It was another bad weekend for MLB officials, whose joint obsessions with speaking publicly about an alleged need to shorten the length of games and threatening their existing fans with rule changes they hate (while forcing official telecast commentators to praise the ill-conceived reforms) came to a sudden and startling head in Atlanta last night.
This catastrophe was not entirely without advance warning, thanks to a Thursday-afternoon prelude in Queens, where replay review affirmed a plainly incorrect, game-ending call at home plate. There, with game tied and the bases loaded in the bottom of the ninth inning, officials awarded the Mets a walk-off victory when their batter, Michael Conforto, leaned into strike three from Miami Marlins pitcher Anthony Bass (good fish name), taking the ball off his elbow and forcing in the game-winning run. Replay review showed that Conforto not only failed to make any effort to avoid being hit but actually extended his elbow out toward the pitched ball. Even the home telecast crew on SNY acknowledged the rules violation. MLB officials did not, however, asserting that the scope of their review was limited to the simple question of whether the pitch hit Conforto, and the Mets had a win in their home opener.
Three days later, things became unimaginably worse and even less defensible for MLB. In the primetime Sunday night game, the Philadelphia Phillies and Atlanta Braves had dueled to a six-all tie through eight innings. The Braves sent reliever Will Smith out to start the ninth. Smith allowed a leadoff double to Alec Bohm, who advanced to third on Jean Segura‘s groundout. Smith then induced Didi Gregorius to fly out to Marcell Ozuna in left field. Bohm tagged up and headed home. Ozuna’s throw to catcher Travis d’Arnaud looked good enough to end the inning, but the home-plate umpire called Bohm safe.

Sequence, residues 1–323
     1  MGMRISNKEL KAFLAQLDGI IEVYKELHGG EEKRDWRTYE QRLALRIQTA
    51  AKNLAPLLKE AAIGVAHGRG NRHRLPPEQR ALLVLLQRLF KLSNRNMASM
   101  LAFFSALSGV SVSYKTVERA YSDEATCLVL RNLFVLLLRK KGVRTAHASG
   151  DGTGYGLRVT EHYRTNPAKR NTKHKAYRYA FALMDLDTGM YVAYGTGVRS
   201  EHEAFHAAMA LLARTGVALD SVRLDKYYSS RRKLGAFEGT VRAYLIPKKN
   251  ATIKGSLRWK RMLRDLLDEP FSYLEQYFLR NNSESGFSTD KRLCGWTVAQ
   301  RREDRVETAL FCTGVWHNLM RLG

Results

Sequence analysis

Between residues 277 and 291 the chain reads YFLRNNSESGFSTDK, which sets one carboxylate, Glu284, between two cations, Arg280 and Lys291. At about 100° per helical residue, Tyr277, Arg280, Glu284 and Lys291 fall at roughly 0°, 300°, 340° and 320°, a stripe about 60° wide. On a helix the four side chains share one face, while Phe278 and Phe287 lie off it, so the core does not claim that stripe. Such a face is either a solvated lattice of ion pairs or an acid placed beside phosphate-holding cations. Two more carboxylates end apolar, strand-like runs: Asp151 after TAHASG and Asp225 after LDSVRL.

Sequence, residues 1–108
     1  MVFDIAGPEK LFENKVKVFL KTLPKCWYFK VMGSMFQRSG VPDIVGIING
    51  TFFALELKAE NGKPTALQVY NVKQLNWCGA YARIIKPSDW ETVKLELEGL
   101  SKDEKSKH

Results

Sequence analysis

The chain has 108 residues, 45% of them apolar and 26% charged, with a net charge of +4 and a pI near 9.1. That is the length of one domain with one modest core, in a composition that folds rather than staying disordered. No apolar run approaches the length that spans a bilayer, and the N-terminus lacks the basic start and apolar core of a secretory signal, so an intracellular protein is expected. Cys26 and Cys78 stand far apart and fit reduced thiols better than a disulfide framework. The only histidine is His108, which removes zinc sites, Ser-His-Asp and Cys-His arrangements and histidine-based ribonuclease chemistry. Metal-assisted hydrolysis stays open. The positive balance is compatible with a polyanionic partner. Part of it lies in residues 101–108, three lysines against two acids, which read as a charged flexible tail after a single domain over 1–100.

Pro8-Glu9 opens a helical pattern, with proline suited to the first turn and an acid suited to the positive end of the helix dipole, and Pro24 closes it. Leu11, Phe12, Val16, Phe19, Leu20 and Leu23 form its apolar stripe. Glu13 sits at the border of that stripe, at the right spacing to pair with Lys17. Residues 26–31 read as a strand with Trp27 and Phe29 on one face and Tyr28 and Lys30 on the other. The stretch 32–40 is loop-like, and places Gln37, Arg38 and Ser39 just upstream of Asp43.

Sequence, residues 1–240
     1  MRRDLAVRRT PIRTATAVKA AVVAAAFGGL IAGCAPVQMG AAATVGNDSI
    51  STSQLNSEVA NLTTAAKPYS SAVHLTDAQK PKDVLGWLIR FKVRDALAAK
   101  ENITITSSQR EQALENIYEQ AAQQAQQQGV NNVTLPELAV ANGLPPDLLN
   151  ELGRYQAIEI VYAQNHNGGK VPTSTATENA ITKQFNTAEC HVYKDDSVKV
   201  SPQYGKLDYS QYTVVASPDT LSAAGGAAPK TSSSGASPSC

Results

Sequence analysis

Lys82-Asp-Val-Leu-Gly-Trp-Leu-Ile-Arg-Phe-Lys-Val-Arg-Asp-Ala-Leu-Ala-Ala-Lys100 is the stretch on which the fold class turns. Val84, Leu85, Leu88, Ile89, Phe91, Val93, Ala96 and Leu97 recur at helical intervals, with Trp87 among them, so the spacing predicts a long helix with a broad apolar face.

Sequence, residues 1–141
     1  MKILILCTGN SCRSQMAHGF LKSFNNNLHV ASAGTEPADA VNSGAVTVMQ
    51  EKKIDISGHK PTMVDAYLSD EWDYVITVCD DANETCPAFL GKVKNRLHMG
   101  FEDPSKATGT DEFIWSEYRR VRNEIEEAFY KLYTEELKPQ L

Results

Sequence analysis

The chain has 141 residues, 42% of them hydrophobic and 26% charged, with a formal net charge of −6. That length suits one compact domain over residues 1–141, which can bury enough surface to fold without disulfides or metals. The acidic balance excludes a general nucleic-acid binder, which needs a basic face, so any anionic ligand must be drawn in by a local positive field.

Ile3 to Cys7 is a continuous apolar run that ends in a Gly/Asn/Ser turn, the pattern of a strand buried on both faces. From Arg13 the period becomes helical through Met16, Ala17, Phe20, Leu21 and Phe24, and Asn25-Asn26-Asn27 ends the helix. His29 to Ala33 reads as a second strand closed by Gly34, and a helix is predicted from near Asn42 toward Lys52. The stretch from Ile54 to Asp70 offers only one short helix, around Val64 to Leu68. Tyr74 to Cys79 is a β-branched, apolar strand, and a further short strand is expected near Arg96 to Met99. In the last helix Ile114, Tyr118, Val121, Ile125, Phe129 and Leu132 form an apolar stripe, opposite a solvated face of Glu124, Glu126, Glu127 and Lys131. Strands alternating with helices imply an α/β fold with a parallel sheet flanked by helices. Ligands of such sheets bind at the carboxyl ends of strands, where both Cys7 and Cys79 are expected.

Instant replay showed anyone with eyes that Bohm was not safe, however. While there may be room for debate as to whether Ozuna’s throw beat Bohm to the plate, the fact that Bohm never actually touched home plate should have negated any other question on the call. Video replay clearly and unequivocally showed that Bohm missed the plate entirely. A lengthy video replay review shockingly resulted in a decision upholding the safe call, however, and angry Braves fans began littering the field with debris, causing further delay.
Brian Jordan has it exactly right. If this is how instant replay review is going to work in Rob Manfred’s MLB, it has got to go.
Of course, it isn’t surprising that Manfred’s radical ideas to reshape baseball don’t work the way they’re supposed to. Last night’s debacle represents a new and especially worrisome chapter in the sad saga that is the Manfred Era, however. It’s one thing to implement game-shortening measures for which no one asked and which Manfred admits are ineffective. It’s another to do that in a way that affects game outcomes. To Jordan’s point: if you’re going to get it wrong, at least spare us the time-consuming charade of pretending you’re going to do anything to fix it.
Under Manfred’s command, games have been getting longer, and attendance has been cratering. There are obvious challenges with measuring the latter in 2020 and 2021, but the former trend continues unabated. Though it’s early in the season, we already are seeing the longest games, by time, in baseball history:
Rob Manfred is failing, both objectively and on his own terms
Tilde Talk: The Empty Ureña Suspension
Designated Sitter, or, Manfred Ado About Nothing
2018 MLB rule changes less drastic than anticipated
Rob Manfred’s Use Your Illusion Tour